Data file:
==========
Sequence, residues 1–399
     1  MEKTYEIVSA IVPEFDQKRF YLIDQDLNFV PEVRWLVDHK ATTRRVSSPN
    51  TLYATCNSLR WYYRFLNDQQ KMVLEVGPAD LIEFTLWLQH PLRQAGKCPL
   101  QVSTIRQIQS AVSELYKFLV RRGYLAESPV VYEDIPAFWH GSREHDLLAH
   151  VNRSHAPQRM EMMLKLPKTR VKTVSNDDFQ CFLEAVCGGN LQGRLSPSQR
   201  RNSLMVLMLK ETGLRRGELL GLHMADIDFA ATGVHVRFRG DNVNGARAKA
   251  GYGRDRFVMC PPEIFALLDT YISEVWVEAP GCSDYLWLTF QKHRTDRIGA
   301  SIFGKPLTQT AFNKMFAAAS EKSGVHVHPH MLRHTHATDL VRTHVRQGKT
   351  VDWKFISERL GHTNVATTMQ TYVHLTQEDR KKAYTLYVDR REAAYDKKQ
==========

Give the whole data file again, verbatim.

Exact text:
Sequence, residues 1–399
     1  MEKTYEIVSA IVPEFDQKRF YLIDQDLNFV PEVRWLVDHK ATTRRVSSPN
    51  TLYATCNSLR WYYRFLNDQQ KMVLEVGPAD LIEFTLWLQH PLRQAGKCPL
   101  QVSTIRQIQS AVSELYKFLV RRGYLAESPV VYEDIPAFWH GSREHDLLAH
   151  VNRSHAPQRM EMMLKLPKTR VKTVSNDDFQ CFLEAVCGGN LQGRLSPSQR
   201  RNSLMVLMLK ETGLRRGELL GLHMADIDFA ATGVHVRFRG DNVNGARAKA
   251  GYGRDRFVMC PPEIFALLDT YISEVWVEAP GCSDYLWLTF QKHRTDRIGA
   301  SIFGKPLTQT AFNKMFAAAS EKSGVHVHPH MLRHTHATDL VRTHVRQGKT
   351  VDWKFISERL GHTNVATTMQ TYVHLTQEDR KKAYTLYVDR REAAYDKKQ